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ED FRINGE REVIEW Jenny Bede, The Musical

★ ★ ★ ★

Credit: Rosie Collins

Her jokes are hilarious, her vocals pitch perfect and her delivery of both immaculate.

The first thing to say about Jenny Bede's latest show The Musical is that I was blown away by her talents. Her jokes are hilarious, her vocals pitch perfect and her delivery of both immaculate.

At the age of 18 Jenny was part of noughties girlband Cherry Falls who were no threat to the likes of Sugababes or Mis-Teeq, but form a sub-narrative to this year's Edinburgh show. And make sure you don't leave before the end (not that you would) because you'll miss a real treat for fans of Cherry Falls, old and new.

But it's primarily her love of musical theatre which dictates the narrative for Jenny's third Fringe hour as she performs songs from some of the hundreds of musicals she's written in her year off. Musicals about the "range" of roles she's been offered since graduating from The Royal Academy of Music, a hilarious number about a haunting ex-wife ghost and a show-stealing rap about her blonde white friend who's unhappy about not being asked to audition for Hamilton - I know!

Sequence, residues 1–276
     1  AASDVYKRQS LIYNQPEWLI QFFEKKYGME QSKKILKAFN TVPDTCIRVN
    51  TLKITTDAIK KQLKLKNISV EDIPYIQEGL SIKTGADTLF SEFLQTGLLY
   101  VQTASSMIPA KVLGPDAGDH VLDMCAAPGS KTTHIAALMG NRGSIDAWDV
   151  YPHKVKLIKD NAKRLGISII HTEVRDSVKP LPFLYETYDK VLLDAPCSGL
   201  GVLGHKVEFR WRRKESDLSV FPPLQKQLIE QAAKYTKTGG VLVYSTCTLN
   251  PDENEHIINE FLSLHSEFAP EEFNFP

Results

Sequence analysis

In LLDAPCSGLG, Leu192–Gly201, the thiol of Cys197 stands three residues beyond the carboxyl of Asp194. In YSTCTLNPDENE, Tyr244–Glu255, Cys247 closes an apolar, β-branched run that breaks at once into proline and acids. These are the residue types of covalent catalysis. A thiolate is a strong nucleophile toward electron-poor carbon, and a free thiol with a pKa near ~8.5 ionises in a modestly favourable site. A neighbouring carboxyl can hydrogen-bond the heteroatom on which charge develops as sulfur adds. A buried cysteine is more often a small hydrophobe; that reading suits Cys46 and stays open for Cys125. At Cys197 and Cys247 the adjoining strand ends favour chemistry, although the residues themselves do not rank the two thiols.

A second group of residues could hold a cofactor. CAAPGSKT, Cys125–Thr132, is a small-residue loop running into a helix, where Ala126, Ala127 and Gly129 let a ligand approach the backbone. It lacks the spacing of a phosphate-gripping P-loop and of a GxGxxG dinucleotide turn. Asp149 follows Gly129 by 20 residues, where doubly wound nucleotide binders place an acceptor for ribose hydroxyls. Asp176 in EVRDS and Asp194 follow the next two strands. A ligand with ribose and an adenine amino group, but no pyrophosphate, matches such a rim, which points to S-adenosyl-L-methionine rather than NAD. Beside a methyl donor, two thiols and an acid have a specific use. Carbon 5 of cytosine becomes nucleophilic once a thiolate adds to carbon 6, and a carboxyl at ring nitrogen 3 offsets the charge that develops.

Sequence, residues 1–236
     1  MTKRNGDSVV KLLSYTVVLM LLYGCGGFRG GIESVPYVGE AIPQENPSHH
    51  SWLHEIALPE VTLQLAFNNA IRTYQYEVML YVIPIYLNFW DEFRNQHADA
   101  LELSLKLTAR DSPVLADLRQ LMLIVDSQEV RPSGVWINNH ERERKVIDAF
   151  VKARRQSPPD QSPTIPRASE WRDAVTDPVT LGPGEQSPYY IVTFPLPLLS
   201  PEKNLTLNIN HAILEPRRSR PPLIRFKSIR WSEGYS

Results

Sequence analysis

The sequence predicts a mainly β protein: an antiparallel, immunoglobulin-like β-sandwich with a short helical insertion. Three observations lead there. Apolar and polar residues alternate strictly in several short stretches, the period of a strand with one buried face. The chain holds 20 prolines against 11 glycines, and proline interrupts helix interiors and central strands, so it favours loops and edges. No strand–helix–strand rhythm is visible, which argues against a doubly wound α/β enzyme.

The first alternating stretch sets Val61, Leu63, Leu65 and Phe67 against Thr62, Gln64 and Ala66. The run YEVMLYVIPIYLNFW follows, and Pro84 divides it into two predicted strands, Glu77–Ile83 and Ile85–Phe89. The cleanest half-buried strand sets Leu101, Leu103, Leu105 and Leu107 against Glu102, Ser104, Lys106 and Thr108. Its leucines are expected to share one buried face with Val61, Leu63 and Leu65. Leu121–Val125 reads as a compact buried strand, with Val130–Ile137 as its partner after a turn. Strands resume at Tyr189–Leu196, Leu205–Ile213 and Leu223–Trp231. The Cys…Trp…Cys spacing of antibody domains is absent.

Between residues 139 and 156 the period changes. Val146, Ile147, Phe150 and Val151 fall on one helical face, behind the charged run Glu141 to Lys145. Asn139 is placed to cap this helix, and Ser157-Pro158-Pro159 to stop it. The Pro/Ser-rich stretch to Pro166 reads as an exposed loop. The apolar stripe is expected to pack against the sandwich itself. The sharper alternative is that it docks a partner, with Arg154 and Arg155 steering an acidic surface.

The lyrics to each of the songs are wonderfully witty, have been carefully constructed and match the ingenuity of recent hit shows like Crazy Ex-Girlfriend.

If you're a musical fan like myself, then great, this show will absolutely speak to you - but also if you're not a fan of the genre and know very little about musicals, I don't think that actually matters. It's difficult to not admire what Jenny is doing or at the very least laugh at the many gags packed into each song, both lyrically and physically.

Pitched as an audition for Sir Cameron Mackintosh - who happened to be sat in the front row (wink wink) - for me this was the weakest part. Used as a device to hold each of the songs together and give purpose to the narrative, the show didn't need it. I'd have been more than happy to sit there and watch Jenny sing fictional musical theatre songs without explanation. But that's only really a minor point.

The hour did leave me asking many questions though - Why isn't she performing on the West End stage? Why isn't she writing for television? Why is she stuck playing receptionists, PAs and girlfriends? And why aren't Cherry Falls still together? OK, that last one isn't quite true, but the rest absolutely are.

In the grand scheme of things, this is only Jenny's third Fringe show, but the industry would be remiss to ignore Jenny's talents and it's this show they should be looking to for evidence of that.

Jenny Bede: The Musical runs until 25th August at 5:05pm at Just the Tonic at The Mash House (Just the Cask Room). Book tickets here.

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